There's a new hour long drama on a basic cable network. Mad Men, a show about advertising in the early 1960's, airs on Thursday nights on AMC. AMC is fairly viewed as second rate compared to Turner Classic Movies due to commercial interruption. With this show, commercial interruption is a positive boon. It would be much, much weaker without commercial interruption.
Basic cable dramas are a bit of a mixed bag. In general, the most of these shows have a "filmed in Canada" look to them, largely because they are. There have been some successes, like The Closer and Battlestar Galactica, but also a lot of mediocre stuff. I really wanted to like The Riches, for example, because of Eddie Izzard and Minnie Driver at the top of the cast, but the writing wasn't up to snuff.
On Mad Men, the writing and directing credits are much stronger, with veterans of shows like The Sopranos and Six Feet Under leading the creative end. I cropped a much larger picture of the cast to spotlight the two youngest actors in the cast whom I recognized from other work. Elizabeth Moss plays a secretary on her first day at work, which allows other characters to explain things to her, and of course to us, as though she knows nothing about the world she just entered. Ms. Moss also played Zoey Bartlet on The West Wing. Vincent Kartheiser, who played Connor on the show Angel, plays a junior executive with no scruples whatsoever. His character is supposed to be 26; if you told me Kartheiser was 19, I'd believe you. The actor is actually 28.
The real reason to watch is the evocation of a time now long gone. We saw somewhat sanitized versions of ad executives of this era in the TV show Bewitched and romantic comedies like 1961's Lover Come Back with Doris Day and Rock Hudson. Mad Men isn't sanitized and not just because there are a few quick uses of obscenities, about one every half hour or so it seems. Details are emphasized for dramatic effect, but young people might ask themselves if it's just overstatement. People didn't actually drink a lot at work, did they? Did nearly everyone smoke? Were they really that openly racist, anti-Semitic and sexist? Were young women in the workplace really treated as little more than whores you didn't have to pay?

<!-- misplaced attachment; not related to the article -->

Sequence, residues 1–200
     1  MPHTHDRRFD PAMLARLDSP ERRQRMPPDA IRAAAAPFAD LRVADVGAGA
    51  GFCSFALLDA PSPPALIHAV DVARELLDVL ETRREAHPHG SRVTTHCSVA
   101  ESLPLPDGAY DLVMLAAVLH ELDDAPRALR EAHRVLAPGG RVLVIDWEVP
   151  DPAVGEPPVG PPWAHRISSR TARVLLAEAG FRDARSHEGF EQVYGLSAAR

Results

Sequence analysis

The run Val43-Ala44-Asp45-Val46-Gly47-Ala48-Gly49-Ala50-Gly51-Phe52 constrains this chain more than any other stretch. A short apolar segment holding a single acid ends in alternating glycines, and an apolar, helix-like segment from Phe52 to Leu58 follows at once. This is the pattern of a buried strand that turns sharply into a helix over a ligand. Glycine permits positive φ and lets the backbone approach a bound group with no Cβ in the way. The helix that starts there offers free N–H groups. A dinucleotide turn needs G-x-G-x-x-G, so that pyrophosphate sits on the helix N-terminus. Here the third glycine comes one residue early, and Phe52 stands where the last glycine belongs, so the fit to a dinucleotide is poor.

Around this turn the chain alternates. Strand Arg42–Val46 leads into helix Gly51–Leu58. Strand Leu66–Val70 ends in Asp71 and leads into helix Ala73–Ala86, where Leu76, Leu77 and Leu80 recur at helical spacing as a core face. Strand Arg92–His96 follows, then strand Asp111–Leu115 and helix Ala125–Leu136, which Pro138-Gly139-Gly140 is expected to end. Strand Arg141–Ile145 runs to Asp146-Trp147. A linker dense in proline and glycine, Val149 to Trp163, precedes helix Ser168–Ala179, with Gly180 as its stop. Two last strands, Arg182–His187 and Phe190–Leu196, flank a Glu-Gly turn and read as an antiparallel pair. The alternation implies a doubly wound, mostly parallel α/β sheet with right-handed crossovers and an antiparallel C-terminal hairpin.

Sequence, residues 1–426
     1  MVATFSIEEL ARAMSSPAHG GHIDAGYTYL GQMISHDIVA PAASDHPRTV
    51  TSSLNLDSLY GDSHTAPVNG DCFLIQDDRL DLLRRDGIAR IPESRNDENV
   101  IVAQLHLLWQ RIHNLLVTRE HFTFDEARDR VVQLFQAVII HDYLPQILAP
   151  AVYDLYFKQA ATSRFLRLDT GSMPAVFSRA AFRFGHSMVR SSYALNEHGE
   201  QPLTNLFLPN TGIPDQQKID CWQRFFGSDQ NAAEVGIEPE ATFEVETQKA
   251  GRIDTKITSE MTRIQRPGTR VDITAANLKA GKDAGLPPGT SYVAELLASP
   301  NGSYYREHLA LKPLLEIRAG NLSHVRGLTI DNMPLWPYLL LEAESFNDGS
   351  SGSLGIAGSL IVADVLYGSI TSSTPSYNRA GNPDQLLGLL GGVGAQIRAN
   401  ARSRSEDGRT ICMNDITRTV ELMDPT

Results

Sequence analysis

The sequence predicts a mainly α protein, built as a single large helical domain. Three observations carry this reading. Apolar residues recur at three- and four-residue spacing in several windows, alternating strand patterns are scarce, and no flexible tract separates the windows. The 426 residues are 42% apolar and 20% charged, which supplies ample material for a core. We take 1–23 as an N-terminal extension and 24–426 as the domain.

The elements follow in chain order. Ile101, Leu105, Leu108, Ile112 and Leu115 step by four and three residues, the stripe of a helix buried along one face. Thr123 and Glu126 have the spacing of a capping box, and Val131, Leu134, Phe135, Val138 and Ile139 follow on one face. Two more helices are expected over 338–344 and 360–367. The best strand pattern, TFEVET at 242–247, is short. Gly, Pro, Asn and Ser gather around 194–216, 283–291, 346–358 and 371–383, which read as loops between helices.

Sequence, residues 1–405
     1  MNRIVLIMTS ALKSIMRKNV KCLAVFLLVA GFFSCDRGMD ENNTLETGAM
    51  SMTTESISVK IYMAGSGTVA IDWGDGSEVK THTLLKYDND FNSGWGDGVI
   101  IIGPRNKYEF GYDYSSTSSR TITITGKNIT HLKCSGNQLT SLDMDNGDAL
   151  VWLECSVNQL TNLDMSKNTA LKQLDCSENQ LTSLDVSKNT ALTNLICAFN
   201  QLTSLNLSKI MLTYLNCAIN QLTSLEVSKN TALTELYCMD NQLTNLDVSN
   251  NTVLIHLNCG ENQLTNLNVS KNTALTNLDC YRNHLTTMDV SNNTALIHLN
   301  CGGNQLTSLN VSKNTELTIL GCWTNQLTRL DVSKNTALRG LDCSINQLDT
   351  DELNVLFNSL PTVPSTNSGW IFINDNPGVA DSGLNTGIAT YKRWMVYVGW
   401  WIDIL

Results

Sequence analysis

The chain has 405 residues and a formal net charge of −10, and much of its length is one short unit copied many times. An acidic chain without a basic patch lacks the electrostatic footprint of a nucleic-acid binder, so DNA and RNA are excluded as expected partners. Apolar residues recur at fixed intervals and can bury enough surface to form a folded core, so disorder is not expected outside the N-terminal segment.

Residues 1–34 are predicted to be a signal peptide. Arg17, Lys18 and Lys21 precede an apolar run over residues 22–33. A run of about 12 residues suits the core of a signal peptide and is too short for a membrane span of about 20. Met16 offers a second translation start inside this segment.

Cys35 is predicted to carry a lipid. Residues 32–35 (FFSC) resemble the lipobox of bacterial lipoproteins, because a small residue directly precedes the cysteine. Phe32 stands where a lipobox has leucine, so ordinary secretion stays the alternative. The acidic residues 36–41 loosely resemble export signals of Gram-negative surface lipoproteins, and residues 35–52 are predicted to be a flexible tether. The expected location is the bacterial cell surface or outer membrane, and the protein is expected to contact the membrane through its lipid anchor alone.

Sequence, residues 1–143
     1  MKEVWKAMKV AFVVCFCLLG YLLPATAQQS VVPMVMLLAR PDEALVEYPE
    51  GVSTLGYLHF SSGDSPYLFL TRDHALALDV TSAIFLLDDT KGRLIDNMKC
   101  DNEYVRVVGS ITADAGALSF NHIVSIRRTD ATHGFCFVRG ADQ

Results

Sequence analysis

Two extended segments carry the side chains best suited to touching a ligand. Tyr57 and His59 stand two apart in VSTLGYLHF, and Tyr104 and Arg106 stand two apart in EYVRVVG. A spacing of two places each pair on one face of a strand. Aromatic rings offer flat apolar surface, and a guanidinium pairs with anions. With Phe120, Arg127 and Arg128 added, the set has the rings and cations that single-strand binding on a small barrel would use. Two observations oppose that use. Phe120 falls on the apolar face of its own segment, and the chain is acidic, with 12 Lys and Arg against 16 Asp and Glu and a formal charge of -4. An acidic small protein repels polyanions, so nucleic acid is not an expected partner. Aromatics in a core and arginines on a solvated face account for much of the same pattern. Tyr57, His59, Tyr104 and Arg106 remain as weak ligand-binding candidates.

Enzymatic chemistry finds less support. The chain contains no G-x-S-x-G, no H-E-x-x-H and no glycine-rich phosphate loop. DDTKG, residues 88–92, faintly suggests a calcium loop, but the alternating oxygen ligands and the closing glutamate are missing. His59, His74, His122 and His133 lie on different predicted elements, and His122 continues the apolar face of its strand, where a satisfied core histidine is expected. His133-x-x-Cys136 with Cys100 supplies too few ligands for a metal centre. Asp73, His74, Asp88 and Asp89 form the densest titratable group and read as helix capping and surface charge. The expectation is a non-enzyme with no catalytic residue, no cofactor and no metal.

The correct answers to those questions are yes, yes, pretty much and yes. In that order.
Other details evocative of the era are the changes that are coming, including the government starting its crackdown on cigarette advertising by disallowing doctor's recommendations and that women are using birth control. At that time, Freud's work was taken very seriously by advertisers, though the grip was slipping. Another little throwaway detail is the power held by the women operators responsible for getting outside phone lines.
And then there are the commercial interruptions. Here, AMC has borrowed and improved upon a trick from Cartoon Network's Adult Swim by having silent bumpers in between the commercials. On Adult Swim, the bumpers are snarky comments or quick reminders of products the network hawks, like some show's release onto DVD or a change in the schedule. The bumpers on Mad Men are little fun facts about the history of advertising in general. It's brilliant stuff.
The series appears to be only six episodes. I hope this is just the first installment and more can be made with the same production values and attention to detail. These kinds of short runs are part of the reason the best of British television maintains its high standards.
Matty Boy says check it out. You'll love the taste because it's toasted.
And with that, we close with the Friday Random 10.
This Wheel’s On Fire The Band
Beat on the Brat The Ramones
Satisfy My Soul Bob Marley & The Wailers
Got To Get You Into My Life The Beatles
I’m Afraid Of Americans David Bowie
Do You Want My Job Little Village
You Don’t Know Me Ray Charles
Join The Navy The Wonders of Science
Cigarette Ben Folds Five
At Last Etta James
I’m Gonna Sit Right Down And Write Myself A Letter Fats Waller
Slightly obscure: Little Village was a band of songwriters who got together to put out an album. John Hiatt, Nick Lowe, Ry Cooder and Jim Keltner. Do You Want My Job is a terrific song about what globalization looked like in 1991.
The truly obscure: The Wonders of Science are my band. (Technically, the band belongs to Padre Mickey and me. If both of us show up, it can be called a Wonders of Science gig. If either of us is missing, you have to call it something else.)